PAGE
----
House of 1000 Corpses (2003)
Directed by Rob Zombie
Starring: Sid Haig, Bill Moseley, Sheri Moon, Karen Black, William Bassett, Erin Daniels, Walter Phelan
(out of 4)
Rob Zombie’s House of 1000 Corpses is a curious freak show of a movie – a fun house of horrors that wants to aim for cult status but doesn’t quite have the authenticity to pull it off. It starts out promising enough – bringing us into Captain Spaulding’s (Sid Haig) Museum of Monsters (and Chicken) off a lonely highway in the middle of nowhere, America. The date is October 30, 1977, our first tip-off to Zombie’s love for 70s grindhouse and Texas-Chainsaw-style goings-on. Haig’s performance as the hilarious (and dangerous) owner of the creepy establishment at the edge of Roadside America is a masterpiece of slow-building intensity that takes us to a campy high point the rest of the movie (post-opening-credits) can’t seem to find its way back to.
We are soon treated to four idiot teens who, after paying a visit to Spaulding’s attraction and learning of the possible location of local scary legend Dr. Satan, decide to take a trip off the beaten path to find out more. Running into a sexy psycho cowgirl (Sheri Moon, hot!), they eventually make it to the requisite house of the title, run by a family best described as the Texas Chainsaw clan version 2.0. Idiotic decisions are made and soon enough our foursome become unwilling playthings to the house’s resident redneck freaks.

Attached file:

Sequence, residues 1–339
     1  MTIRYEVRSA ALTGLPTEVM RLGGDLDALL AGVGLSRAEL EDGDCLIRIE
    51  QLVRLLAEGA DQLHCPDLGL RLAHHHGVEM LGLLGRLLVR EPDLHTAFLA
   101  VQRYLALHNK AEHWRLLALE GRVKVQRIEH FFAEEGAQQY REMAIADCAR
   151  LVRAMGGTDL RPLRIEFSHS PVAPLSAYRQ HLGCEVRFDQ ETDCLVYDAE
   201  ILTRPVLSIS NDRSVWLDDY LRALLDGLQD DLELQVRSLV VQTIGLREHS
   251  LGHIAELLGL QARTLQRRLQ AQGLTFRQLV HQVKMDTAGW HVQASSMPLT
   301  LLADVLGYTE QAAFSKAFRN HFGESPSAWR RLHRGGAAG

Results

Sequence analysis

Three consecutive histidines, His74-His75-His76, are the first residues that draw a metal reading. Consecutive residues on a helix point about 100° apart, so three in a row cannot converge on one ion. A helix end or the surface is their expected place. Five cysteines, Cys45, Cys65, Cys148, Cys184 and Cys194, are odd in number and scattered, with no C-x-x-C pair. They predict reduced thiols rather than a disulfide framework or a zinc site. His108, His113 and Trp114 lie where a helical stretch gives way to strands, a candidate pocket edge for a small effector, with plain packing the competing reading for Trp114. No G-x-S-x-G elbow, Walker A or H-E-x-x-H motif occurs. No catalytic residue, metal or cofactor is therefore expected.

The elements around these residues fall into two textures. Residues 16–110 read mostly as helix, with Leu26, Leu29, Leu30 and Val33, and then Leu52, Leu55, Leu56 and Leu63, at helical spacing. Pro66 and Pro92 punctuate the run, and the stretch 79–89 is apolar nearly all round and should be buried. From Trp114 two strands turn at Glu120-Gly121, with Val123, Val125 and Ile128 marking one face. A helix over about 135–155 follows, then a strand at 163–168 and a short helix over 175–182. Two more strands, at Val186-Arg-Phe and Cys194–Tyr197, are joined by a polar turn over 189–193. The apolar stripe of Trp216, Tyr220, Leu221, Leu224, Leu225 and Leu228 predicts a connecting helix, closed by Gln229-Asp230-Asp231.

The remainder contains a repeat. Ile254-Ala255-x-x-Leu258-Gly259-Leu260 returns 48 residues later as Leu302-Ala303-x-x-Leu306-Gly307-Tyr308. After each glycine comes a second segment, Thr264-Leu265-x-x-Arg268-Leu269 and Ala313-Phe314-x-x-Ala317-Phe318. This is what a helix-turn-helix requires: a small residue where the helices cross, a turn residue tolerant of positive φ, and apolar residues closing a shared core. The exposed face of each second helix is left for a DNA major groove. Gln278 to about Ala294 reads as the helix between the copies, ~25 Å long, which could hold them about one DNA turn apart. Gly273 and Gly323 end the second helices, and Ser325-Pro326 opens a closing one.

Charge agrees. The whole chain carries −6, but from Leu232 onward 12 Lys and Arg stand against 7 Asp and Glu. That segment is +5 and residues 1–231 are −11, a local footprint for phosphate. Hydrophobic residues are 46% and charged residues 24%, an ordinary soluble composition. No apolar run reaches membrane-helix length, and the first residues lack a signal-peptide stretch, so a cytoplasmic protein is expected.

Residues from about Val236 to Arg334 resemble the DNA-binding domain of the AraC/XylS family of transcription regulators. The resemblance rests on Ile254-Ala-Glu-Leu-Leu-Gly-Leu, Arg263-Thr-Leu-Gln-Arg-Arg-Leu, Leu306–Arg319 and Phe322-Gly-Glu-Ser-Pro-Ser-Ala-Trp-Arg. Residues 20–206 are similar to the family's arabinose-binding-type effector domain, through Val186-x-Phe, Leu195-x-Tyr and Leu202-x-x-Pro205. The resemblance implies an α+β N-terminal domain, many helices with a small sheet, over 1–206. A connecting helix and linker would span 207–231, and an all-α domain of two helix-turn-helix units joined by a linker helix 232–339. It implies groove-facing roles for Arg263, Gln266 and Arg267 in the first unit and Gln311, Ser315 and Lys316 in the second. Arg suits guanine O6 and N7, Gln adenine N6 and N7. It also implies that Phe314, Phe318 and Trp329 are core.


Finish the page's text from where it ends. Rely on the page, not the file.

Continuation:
What’s frustrating about the movie is its inability to figure out what it wants to be. Scenes of sadistic shocks involving naked dead cheerleaders are intercut with fast camera moves and changing color tones, 2 second edits and skewed camera angles with monologues by each psycho meant to give some insight into their personality. On one hand, we get a brutal stabbing death of a helpless victim; on the other hand most of the murders are hyper-edited, as if Zombie suddenly turned squeamish on us, and are soon replaced by quick faded jump-cuts or black-and-white television shorts of a Dr. Paul Bearer wannabe introducing the next fright-fest on the tube. There’s even one sequence that has its impact diminished by the playing of Brick House by the Commodores.
Admittedly, there are moments of brilliance here – take the Tarantino-esque sequence where the police stumble upon a horrific scene of tortured and mutilated victims to the tune of I Remember You being sung by Slim Whitman. After this, the camera pulls back slowly with complete silence on the soundtrack; then the tension is broken with the sound of a gunshot. These kind of sequences belong in a more serious movie, and I can appreciate a serious attempt at hard-core horror at the same time I can appreciate a campy attempt at making a partying haunted house attraction, but when Zombie tries to mix the two it’s more like trying to assemble incompatible parts from other (better) movies. Better to go with the superior sequel The Devil’s Rejects.
- Bill Gordon